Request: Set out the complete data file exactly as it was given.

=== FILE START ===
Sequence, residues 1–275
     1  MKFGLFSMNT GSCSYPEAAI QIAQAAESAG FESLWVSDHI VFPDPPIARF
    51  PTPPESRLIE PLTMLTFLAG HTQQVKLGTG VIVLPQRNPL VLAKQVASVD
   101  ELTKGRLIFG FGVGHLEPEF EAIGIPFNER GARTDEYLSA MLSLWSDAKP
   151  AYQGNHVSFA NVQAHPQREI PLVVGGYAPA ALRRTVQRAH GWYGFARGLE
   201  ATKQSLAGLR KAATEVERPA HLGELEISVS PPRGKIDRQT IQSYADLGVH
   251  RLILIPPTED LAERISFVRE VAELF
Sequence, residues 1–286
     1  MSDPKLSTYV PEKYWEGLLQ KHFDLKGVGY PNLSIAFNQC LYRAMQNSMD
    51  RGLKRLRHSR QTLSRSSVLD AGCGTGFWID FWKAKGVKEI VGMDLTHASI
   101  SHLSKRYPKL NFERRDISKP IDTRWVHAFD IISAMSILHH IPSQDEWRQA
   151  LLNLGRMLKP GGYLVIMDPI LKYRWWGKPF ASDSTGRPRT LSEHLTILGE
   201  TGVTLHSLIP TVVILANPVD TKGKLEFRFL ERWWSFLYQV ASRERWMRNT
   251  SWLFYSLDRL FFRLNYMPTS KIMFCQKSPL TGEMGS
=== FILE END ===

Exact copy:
Sequence, residues 1–275
     1  MKFGLFSMNT GSCSYPEAAI QIAQAAESAG FESLWVSDHI VFPDPPIARF
    51  PTPPESRLIE PLTMLTFLAG HTQQVKLGTG VIVLPQRNPL VLAKQVASVD
   101  ELTKGRLIFG FGVGHLEPEF EAIGIPFNER GARTDEYLSA MLSLWSDAKP
   151  AYQGNHVSFA NVQAHPQREI PLVVGGYAPA ALRRTVQRAH GWYGFARGLE
   201  ATKQSLAGLR KAATEVERPA HLGELEISVS PPRGKIDRQT IQSYADLGVH
   251  RLILIPPTED LAERISFVRE VAELF
Sequence, residues 1–286
     1  MSDPKLSTYV PEKYWEGLLQ KHFDLKGVGY PNLSIAFNQC LYRAMQNSMD
    51  RGLKRLRHSR QTLSRSSVLD AGCGTGFWID FWKAKGVKEI VGMDLTHASI
   101  SHLSKRYPKL NFERRDISKP IDTRWVHAFD IISAMSILHH IPSQDEWRQA
   151  LLNLGRMLKP GGYLVIMDPI LKYRWWGKPF ASDSTGRPRT LSEHLTILGE
   201  TGVTLHSLIP TVVILANPVD TKGKLEFRFL ERWWSFLYQV ASRERWMRNT
   251  SWLFYSLDRL FFRLNYMPTS KIMFCQKSPL TGEMGS